Groundwater generally is a much larger reservoir than surface water. I don’t have the numbers for California specifically at hand. The infrastructure to put the water into the ground is significant (pumps, pipes), and there are sometimes complications with water quality and regulations about injecting water versus letting it percolate in. Most of all, CA water law is completely disfunctional as far as monitoring and maintaining groundwater levels.
Tom: OK, here’s a useful source of information from this very site: http://californiawaterblog.com/2013/01/30/californias-groundwater-problems-and-prospects/ Worth noting, “The state’s groundwater storage capacity is more than 10 times that of all its surface reservoirs.”
To restore the water table and even out flows (a more stable level ) go upstream and reintroduce beavers. Their dams do all of that and provide wildlife habitat, most notabley for fish, including salmon.
Save money and do the smart thing.
Excellent article from a construction cost perspective. However, building a dam, adding wing dams or raising the elevation of an existing dam all require expensive pre-testing, extensive public review processses and planning. Millions are typically spent in consideration of a potential project and even then most projects die a premature death because of environmental or property right objections. See Pardee Dam expansion project as an example.
Where sediments consolidate is quite predictable and small scale maintenance operations sucking out the sediment/sludge can be quite beneficial to the maintenance of a dam. Unfortunately a term known as “value engineering” usually comes into play and defunds responsible dam management and maintenance. Sludge drying beds should be a requirement for any dam that collects sediment.
Thanks for this post, which makes me wonder: When reservoirs are planned and dams built, there’s a stated holding capacity, which is added into the state’s overall storage capacity and counted as available supply given the level of reservoir fill. If sediment instead of water begins to fill those reservoirs, is the diminished capacity subtracted from the state’s supposed 42 million af of available storage capacity? If recalculated (actual capacity accounting for lost storage due to sedimentation) to reflect a conservative aggregated statewide holding-capacity loss of 10 percent, then about 4.2 million af of anticipated supply is being counted as available, but is not behind California’s dams today. In other words, we actually have less water than we realize, which is a dangerous place to be in a bad drought. Please comment on this supposition. Thanks.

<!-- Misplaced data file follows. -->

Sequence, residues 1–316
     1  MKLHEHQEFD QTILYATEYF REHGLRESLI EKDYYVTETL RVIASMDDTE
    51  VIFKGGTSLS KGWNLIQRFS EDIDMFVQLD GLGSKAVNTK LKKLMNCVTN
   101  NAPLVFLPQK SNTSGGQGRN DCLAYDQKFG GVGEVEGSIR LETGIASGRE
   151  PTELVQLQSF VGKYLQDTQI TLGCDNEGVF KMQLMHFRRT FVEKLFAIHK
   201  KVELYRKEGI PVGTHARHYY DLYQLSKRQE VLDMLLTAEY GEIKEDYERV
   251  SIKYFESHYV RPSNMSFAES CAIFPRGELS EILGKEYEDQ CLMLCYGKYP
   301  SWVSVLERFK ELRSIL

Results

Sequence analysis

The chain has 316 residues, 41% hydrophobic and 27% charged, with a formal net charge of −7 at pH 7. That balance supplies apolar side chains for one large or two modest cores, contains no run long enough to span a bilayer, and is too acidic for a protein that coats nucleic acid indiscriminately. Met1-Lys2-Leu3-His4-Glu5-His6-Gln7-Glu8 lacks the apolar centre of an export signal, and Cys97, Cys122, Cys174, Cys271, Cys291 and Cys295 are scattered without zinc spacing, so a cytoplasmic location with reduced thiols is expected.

It is common for dams to be designed with some quantity of sediment storage allowed for over some decades of nominal lifetime. There is also usually some “dead pool” of water in a reservoir which lies below the lowest reservoir outlet. In rare cases, pumps can sometimes be used to access the dead pool for high valued water uses.
Reblogged this on Paso Wine Barrels and commented:
No matter what your opinion is of the water situation in California, certainly the need for more capacity and production (i.e. desalination) is vital for a state that is home to roughly 40 million people and is for the most part a semi-arid region.
I’ve have long wondered why more water capacity and retention plans weren’t created in the Los Angeles area, which I lived in for the better part of five decades. A handful of towns here and there did but most did not, expecting water to keep flowing from regions like the Southern Sierra and the Colorado River. Here on the Central Coast in Paso Robles, where I’ve now lived for seven glorious years, we too are working on garnering water from every resource available.
Growing capacity is a viable option to help with California’s ongoing water problems and this blog story offers some insight into how that may work and if it’s feasible. I believe everything must be done and expansion of current reservoir though sediment removal should definitely be explored.
It seems insane that it’s nearly 5x the cost to remove sediment.
Who gets the sediment?
That’s a good question. In some locations the removed material would have value if placed downstream for salmon habitat or construction, albeit at some expense. At other locations, there would mostly be just expense and much less beneficial use.